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Published 08/05/2013 email E-MAIL print PRINT

Letter from Stockholm

September 2001

Raoul Wallenberg belonged to one of Sweden’s most famous families – a family of diplomats, bankers and politicians.

He was born in 1912. After military service he studied architecture in America (1931) and became a capable linguist. The prospects in Sweden for an architect were limited and so he went to work in a bank in Israel. There he met Jews who had escaped Hitler’s Germany. Wallenberg was proud to possess some Jewish blood (going back to the 18th century) and felt strongly towards their plight. On his return to Europe he established a business with Hungarian Jew, Koloman Lauer. Wallenberg became joint owner and International Director of the mid-European Trading Company. His excellent language skills and travel in Europe (Germany and Hungary) exposed him to the workings of German bureaucracy. By 1944 the world became aware of Hitler’s plans for the Jews. At that stage there were still some 700,000 Jews living in Hungary. When Hitler invaded Hungary in March 1944, the deportation of the Jews began. Their destination was Auschwitz-Birkenau in South Poland, and their fate was certain death.

Jewish residents in Budapest applied to the neutral countries for protective passes so that they could be treated as Swedish citizens. The rescue operation was in effect tiny compared to the numbers involved. Wallenberg’s business partner, Lauer, was chosen by Sweden to take part in the rescue operation. He, in turn, nominated Wallenberg in spite of his lack of experience and young age. Wallenberg was approved, and in turn made demands that he should have the right to send diplomatic couriers beyond the usual channels. His memo was considered so unusual that it was sent to the Prime Minister and the King for approval. By the time Wallenberg reached Budapest in July 1944, only 230,000 Jews were left.

Raoul Wallenberg did not use traditional diplomacy, and shocked many with his unconventional methods including bribery and extortion. His success won him unreserved support. His primary task was to design a Swedish Protective Pass to help Jews to escape Germany and Hungary. Although legally the passes had no legitimacy, they were very handsome (printed in yellow and blue with the coat of arms of the three crowns of Sweden). He was given permission to print 1,500; in no time he had produced 4,500.

As the war continued to rage and Hungary suffered new threats, Raoul Wallenberg continued to save Jews. He was both decisive and brave. He built 30 ‘Swedish Houses’ where the population rose to 15,000. He dispensed protective passes, food and medicine. Even German troops who were ordered to open fire on him were so impressed by his courage that they deliberately aimed too high, enabling him to escape. In January 1945 he stopped a total massacre in the largest ghetto. It is estimated that Wallenberg must be honoured with saving at least 100,000 Jews.

The advancing Soviet troops in January 1945 were met by Wallenberg, speaking fluent Russian, and asking to visit the Soviet headquarters in Debrecen. Wallenberg confided to a colleague that he wasn’t sure whether he would be a prisoner or a guest. He has been missing since then. The Kremlin had claimed that he died in a Russian prison on 17 July 1947. A number of testimonies however, suggest that he was alive and could still be alive. In spite of Swedish attempts to ascertain Wallenberg’s fate, a report was not made until 1965, and then there was a period of little action until the early 1980s when interest in Wallenberg grew around the world; he became an honorary citizen of the USA in 1981, of Canada in 1985 and of Israel in 1986. There has been no categorical proof of what happened to Wallenberg in spite of new investigations last year by Swedish and American authorities and in January this year, a joint Russian-Swedish panel produced a report that reached no firm conclusion. Stockholm’s memorial opened at the beginning of this month and although it may not live up to expectations in artistic terms, it allows this solemn and puzzling story to be retold.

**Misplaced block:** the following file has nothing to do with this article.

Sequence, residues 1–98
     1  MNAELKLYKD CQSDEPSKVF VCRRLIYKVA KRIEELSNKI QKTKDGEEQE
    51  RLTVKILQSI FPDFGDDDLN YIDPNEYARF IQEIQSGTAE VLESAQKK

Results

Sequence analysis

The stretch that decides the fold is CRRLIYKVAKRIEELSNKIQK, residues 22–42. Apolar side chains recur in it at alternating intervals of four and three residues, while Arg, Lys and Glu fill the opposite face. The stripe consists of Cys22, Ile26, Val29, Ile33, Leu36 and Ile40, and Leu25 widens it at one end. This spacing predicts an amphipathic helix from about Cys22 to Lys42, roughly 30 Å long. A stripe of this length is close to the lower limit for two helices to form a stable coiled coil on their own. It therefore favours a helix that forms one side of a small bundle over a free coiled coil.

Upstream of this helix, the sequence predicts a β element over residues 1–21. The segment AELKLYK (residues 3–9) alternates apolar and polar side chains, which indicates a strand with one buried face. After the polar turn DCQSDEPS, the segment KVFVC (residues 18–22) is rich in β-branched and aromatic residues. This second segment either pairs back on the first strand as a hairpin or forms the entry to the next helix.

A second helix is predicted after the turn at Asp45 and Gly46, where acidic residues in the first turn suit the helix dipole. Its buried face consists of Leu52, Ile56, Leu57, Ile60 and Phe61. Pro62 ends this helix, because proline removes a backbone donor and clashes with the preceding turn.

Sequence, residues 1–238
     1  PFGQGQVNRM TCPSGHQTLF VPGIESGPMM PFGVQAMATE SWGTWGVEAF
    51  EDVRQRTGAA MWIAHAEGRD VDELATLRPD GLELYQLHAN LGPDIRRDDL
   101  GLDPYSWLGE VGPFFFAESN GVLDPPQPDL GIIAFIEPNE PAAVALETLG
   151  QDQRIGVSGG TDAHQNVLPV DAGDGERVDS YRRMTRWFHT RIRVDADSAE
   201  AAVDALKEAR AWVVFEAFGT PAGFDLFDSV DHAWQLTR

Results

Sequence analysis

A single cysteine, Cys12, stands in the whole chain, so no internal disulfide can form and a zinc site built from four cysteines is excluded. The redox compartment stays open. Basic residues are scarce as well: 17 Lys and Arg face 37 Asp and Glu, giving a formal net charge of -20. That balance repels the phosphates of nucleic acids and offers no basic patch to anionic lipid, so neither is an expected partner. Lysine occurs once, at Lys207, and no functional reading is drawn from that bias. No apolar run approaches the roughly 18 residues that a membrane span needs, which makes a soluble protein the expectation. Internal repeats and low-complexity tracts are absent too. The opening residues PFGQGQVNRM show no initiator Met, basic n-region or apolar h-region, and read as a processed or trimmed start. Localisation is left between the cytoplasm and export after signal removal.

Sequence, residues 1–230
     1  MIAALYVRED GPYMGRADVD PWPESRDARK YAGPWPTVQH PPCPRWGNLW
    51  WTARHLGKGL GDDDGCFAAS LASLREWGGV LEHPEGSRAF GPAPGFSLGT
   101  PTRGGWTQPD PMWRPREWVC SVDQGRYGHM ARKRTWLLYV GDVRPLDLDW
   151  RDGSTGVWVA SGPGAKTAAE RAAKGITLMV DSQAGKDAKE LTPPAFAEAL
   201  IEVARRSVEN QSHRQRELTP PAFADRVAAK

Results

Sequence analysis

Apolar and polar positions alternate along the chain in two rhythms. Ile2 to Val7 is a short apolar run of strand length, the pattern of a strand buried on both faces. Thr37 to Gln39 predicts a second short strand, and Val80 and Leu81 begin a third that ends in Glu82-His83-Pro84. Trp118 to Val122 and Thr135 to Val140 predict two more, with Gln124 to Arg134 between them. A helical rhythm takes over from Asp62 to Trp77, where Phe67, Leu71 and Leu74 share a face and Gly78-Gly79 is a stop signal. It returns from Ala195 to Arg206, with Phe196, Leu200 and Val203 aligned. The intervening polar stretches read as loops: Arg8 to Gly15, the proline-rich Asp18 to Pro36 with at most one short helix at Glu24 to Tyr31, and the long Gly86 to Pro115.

Elsewhere in Stockholm this month there is the usual mix of cultural experiences. The exhibition of ‘Illusion – Japanese photography’ at the Kulturhuset provides a challenging range of images that make up a remarkable insight into Japanese culture. At the Volvo Showroom, Kungsträdgården (2–30 September 2001) ‘The Barramundi exhibition: Ken Done’, shows the Australian artist in his role of Ambassador for a way of life that is admired the world over. In contrast to the Japanese photography exhibition, Done unashamedly pursues painting that exudes beauty and joy. Like the French colourists that he admires, Done’s art is a celebration of life. His view that in a world dominated by global technology, painting should not attempt to compete with photography or film or computer assisted images. Painting cannot, in Done’s view, compete with the immediacy and drama that technological media now achieves. It is ironic perhaps, that Done’s greatest success and popularity is achieved not in Australia, as much as in Japan where his images of Sydney Harbour are seen as tantamount to images of paradise. Where young Japanese women photographers can be seen to create images of a diaristic nature that convey the eternal claustrophobia of living in tiny apartments in over-populated cities, Ken Done in Sydney has for years sold many of his best paintings to Japanese collectors and a great percentage of his art objects (Done Art and Design) to young Japanese women. Done regularly exhibits in Japan with remarkable success. If one wants to experience not the range of international cultures that regularly come and go in the museums and galleries in Stockholm, but something that captures the spirit of the city and of Sweden, then the best place is the Vasa Museum. The museum is built around the great warship, commissioned by King Gustav II in 1627, which sank dramatically on its maiden voyage in 1628. The magnificent boat was too large and top heavy and sank only a few hundred metres after it set sail. Most of the crew drowned. The boat was only discovered again in 1956 and was eventually, in 1959, brought to the surface. The rescue and recreation of this great vessel is the finest achievement in terms of modern archaeology and presentation in curatorial terms. The actual feat in physical and scientific terms is staggering; the final result, down to the recreation of the interior of the boat and the restoration of the remnants: tools, boots, clothing, and cooking pots, is first class. Perhaps the most impressive aspect is the overall standard of presentation of the story – the painted wall maps and historical backdrops for this period piece are beautifully executed by artists. The most recent development in this remarkable on-going project is the painting of the sculptures that adorned the whole outside of the great ship to frighten the enemy; the colours are fantastic and resemble something between Punch and Judy and James Ensor’s expressionistic paintings of masks. The Vasa story and the presentation of the great vessel are so superbly recreated that they have become part of the mythology of Stockholm and Swedish culture.